It is interesting to know learn what he professes, in his own (or authorized) words and to consider whether he is walking his talk.  A couple of quotes to give you an idea:

  • “… what’s troubling is the gap between the magnitude of our challenges and the smallness of our politics – the ease with which we are distracted by the petty and trivial, our chronic avoidance of tough decisions, our seeming inability to build a working consensus to tackle any big problem.” (p22)
  • ” When we dumb down the political debate, we lose. For it’s precisely the pursuit of ideological purity, the rigid orthodoxy and the sheer predictability of our current political debate, that keeps us from finding new ways to meet challenges we face as a country.  It keeps us locked into either / or thinking.” (p40)
  • “What are the core values that we, as Americans, hold in common?  That’s not how we usually frame the issue, of course, our political culture fixates on where our values clash.” (p52)
  • “In every society (and in every individual), these twin strands – the individualistic and the communal, autonomy and solidarity – are in tension ….”

These are not the typical manifesto rallies – these are more complex arguments.  The challenges of getting enough of the voting public to understand these concepts to give him room to make complex change happen in an adversarial political arena is probably why most have never taken this approach. But it may be the only right way. 

This is not to say that his politics are ‘right’. It is to say that the notions of a higher bar of political debate, developing resolutions for apparently contradictory policies, focusing on the values that bring a group together while recognizing the tensions that pull them apart … these are the real challenges of leadership. 

It has become clear that no political leader is perfect (certainly Opposition parties never lets the public forget it) and that the current political environment focuses on those imperfections while real issues are undermined in the interest of getting elected in the next term.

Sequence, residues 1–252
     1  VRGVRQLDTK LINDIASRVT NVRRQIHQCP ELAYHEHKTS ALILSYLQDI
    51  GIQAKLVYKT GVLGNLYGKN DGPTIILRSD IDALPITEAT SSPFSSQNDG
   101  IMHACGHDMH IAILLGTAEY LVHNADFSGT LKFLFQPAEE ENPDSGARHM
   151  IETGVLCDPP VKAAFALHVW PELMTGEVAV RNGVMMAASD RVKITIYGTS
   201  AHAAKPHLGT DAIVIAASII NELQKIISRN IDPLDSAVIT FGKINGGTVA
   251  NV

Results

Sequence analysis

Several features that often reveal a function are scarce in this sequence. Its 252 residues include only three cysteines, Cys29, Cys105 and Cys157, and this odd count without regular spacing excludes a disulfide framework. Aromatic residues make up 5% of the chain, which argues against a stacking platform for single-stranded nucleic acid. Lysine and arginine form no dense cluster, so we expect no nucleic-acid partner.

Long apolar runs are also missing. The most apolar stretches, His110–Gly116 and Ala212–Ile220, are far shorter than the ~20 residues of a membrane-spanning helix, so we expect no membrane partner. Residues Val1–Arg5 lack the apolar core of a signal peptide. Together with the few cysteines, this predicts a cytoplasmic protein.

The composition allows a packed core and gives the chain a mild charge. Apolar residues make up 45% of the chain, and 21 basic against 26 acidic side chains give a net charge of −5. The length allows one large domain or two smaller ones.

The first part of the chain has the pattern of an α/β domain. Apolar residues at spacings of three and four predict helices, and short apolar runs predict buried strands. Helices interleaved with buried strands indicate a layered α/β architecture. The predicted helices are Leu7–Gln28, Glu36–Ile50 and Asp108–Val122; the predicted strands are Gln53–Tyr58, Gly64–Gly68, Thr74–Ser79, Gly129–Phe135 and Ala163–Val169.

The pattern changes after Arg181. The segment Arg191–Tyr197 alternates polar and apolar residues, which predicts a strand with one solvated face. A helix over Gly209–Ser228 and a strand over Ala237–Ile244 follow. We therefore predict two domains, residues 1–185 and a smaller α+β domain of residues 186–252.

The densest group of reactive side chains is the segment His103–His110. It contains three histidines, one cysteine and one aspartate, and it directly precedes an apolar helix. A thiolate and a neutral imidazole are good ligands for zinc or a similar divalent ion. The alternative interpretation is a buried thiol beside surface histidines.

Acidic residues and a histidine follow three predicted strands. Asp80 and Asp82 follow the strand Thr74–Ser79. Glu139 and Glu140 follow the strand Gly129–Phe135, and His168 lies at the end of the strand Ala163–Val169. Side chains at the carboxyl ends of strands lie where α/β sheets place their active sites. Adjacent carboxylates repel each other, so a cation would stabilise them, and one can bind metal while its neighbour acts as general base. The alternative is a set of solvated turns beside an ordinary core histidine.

Certainly a new order of leadership is required.  After all, to quote a more widely recognized brilliant mind:

“We can’t solve problems by using the same kind of thinking we used when we created them.” Einstein

The honeymoon is over for President Obama. Although it does not appear that he has taken his foot off the gas from the moment his win was announced (something I do admire), the glare of the media and the frowns of the hawks must be wearing thin. Now begins the real tests of a “president” – action under the most intense pressure.  This is a job I would not want – it’s grueling nature will run down the soul of any mere mortal, as lesser men have discovered some earlier some later.

His platform has been clear from very early on – some could argue from before this book.  He has sought the counsel and engaged of both experts and partisans. The fact that he has not wavered much from his platform should not be surprising – the planks are macro in nature and he has also stated that his bi-partisan interest lies in how one gets there. 

Is he an active and engaging sponsor – certainly publically this is an easy feat when compared to his predecessor but is it enough?  Can he maintain enough Democratic support? Can he penetrate the political requirements of partisanship to  get traction for his BHAGs?  This is not for the faint of heart – at some point one hopes that the players will take a step back and consider that some are all or nothing propositions.  The healthcare initiative faces extraordinary challenges from reaching a consensus (or close enough) appreciation for the definition of the current situation to understanding the agendas of the stakeholders (from the different segments of the population, to the different states, different government levels and agencies to healthcare providers).  This cacophony alone would torpedo many an effort. 

We have a unique opportunity in history – a President who has placed a value in transparency, in engagement (despite its risks and challenges) and front row seats.  It promises to be an interesting four years.